Steve Sherwood, ARC Laureate Fellow and Director, Climate Change Research Centre, University of New South Wales
Larry Marshall surely has a point about rejuvenating organisations and solving new challenges, but I worry about his statement that there is no further need after the Paris climate summit to understand climate change since we now know it is real. Effective action requires detailed understanding. For example, Marshall speaks of contributing to the proposed agricultural development of the Northern Territory, but we don’t know for how much longer this region will still support agriculture or even human habitation as the Earth keeps warming, nor how much drying (if any) Australia’s existing agricultural regions will experience. The groups that would help provide answers are the ones he says we don’t need any more.
Comments compiled with the Australian Science Media Centre.
Sarah Perkins-Kirkpatrick, Research Fellow, UNSW Australia; Clive Hamilton, Professor of Public Ethics, Centre For Applied Philosophy & Public Ethics (CAPPE); Ian Lowe, Emeritus Professor, School of Science, Griffith University; Kevin Walsh, Reader, School of Earth Sciences, University of Melbourne; Neville Nicholls, Professor emeritus, School of Earth, Atmosphere and Environment, Monash University, and Steve Sherwood, Director, Climate Change Research Centre, UNSW Australia
The resumed growth of Australia’s greenhouse gas emissions after almost a decade of consistent decline shows the scale of the challenge ahead if Australia is to meet its climate commitments.
This week’s RepuTex analysis forecasts that national emissions will rise 6% by 2020, with no peak in sight until 2030. The signs are that the uptick for 2014-15 marks a reversal of the recent downward trend proclaimed by federal environment minister Greg Hunt.
With the world’s nations having pledged in Paris to limit global warming to well below 2℃, it is clear that Australia (which joined the “high-ambition” diplomatic push for a 1.5℃ target also to be included in the agreement), will be expected to make far deeper emissions cuts than it has so far achieved.
December’s federal government update of Australia’s emissions showed that emissions for 2014-15 did not rise dramatically from previous years, but it also highlighted two key considerations.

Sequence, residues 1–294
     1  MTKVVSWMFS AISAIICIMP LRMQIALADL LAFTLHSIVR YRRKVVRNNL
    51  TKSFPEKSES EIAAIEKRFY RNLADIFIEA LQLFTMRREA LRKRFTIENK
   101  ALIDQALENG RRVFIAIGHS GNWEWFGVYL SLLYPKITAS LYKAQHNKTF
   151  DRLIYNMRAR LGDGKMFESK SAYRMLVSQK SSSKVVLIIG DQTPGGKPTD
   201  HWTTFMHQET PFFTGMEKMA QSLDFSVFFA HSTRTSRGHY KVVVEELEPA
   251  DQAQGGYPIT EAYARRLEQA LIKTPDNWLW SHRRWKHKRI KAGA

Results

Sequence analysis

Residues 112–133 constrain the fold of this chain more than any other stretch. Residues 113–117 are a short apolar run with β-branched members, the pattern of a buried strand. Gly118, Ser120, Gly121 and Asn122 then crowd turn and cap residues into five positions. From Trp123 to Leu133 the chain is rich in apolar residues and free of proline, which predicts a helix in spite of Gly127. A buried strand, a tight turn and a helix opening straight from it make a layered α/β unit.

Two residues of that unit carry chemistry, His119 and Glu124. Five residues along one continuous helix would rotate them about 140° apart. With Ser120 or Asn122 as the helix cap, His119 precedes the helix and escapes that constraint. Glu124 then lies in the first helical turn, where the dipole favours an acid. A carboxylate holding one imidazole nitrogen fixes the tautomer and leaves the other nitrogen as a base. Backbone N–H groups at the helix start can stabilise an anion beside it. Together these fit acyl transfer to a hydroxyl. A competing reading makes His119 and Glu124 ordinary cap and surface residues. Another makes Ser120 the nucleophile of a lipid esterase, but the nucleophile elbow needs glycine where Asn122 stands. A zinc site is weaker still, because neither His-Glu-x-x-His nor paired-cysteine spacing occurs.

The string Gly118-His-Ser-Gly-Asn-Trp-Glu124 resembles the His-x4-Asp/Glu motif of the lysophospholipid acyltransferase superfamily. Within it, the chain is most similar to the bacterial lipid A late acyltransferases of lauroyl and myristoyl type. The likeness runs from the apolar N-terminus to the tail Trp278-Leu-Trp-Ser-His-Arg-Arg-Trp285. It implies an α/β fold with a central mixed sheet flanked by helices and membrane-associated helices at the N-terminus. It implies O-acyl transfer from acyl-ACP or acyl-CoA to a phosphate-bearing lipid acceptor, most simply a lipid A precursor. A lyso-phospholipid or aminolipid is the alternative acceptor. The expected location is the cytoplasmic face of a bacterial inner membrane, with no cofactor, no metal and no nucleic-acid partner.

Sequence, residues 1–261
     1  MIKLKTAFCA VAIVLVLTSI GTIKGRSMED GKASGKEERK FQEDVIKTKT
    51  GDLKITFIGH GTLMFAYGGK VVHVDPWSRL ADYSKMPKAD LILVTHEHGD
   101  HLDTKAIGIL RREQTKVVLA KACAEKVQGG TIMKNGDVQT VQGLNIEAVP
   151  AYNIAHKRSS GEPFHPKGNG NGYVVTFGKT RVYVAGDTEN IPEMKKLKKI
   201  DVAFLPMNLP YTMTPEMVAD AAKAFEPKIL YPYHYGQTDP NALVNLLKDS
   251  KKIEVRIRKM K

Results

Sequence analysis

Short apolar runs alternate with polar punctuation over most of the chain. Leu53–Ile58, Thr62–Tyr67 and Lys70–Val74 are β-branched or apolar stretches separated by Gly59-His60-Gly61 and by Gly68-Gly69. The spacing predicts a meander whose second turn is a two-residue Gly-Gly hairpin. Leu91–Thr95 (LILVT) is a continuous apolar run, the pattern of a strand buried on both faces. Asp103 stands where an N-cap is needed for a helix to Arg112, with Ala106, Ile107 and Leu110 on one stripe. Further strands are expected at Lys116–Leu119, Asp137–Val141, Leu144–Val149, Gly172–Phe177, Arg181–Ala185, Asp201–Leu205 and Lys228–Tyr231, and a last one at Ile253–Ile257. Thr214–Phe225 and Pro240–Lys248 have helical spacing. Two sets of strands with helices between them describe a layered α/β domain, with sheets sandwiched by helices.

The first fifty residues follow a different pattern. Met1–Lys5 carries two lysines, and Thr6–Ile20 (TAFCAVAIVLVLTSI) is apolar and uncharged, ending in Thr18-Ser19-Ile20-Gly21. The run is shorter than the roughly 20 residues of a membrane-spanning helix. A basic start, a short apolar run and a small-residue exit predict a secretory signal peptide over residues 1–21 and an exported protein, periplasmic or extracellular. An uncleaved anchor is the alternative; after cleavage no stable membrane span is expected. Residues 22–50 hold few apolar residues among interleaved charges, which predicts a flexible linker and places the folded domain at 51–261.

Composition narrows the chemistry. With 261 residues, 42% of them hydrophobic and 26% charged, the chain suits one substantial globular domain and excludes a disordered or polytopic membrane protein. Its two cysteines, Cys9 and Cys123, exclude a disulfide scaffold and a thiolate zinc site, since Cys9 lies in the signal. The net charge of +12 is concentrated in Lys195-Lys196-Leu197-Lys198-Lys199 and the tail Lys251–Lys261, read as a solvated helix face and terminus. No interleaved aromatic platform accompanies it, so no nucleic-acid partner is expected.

One, for the first time in almost a decade, Australia’s emissions did not fall from one year to the next. And two, the volume of electricity generated in the National Electricity Market also failed to fall. As electricity generation is responsible for one-third of Australia’s emissions, an increase in electricity is likely to drive up emissions overall.
Also in December, the government updated its forecast of national emissions out to 2020, which contained both good and bad news. The good news is that under the rules defined by the Kyoto Protocol, Australia’s rising emissions won’t stop it from meeting its cumulative 2020 emissions obligations. The bad news is that Australia is not on track to achieve its absolute emissions reduction target of 5% below 2000 levels by 2020.
Clearly Australia needs to turn things around. But there is good news here too, because it already has a broad suite of policies that can cut greenhouse gas emissions. Among them is the newly released National Energy Productivity Plan (NEPP), as well as the Renewable Energy Target (RET), the Emissions Reduction Fund (ERF) (which may yet receive a funding boost), and the Safeguard Mechanism, which comes into force later this year and is designed to ensure that big emitters don’t wipe out the emissions savings made by projects funded under the ERF.
Some measures to cut emissions are more cost-effective than others – replacing power infrastructure is expensive, for instance, while improving fuel efficiency actually saves money. Different economic sectors can thus be plotted on an emissions-reduction “cost curve”, as seen below.
Here’s how the various existing policies can each make a significant contribution.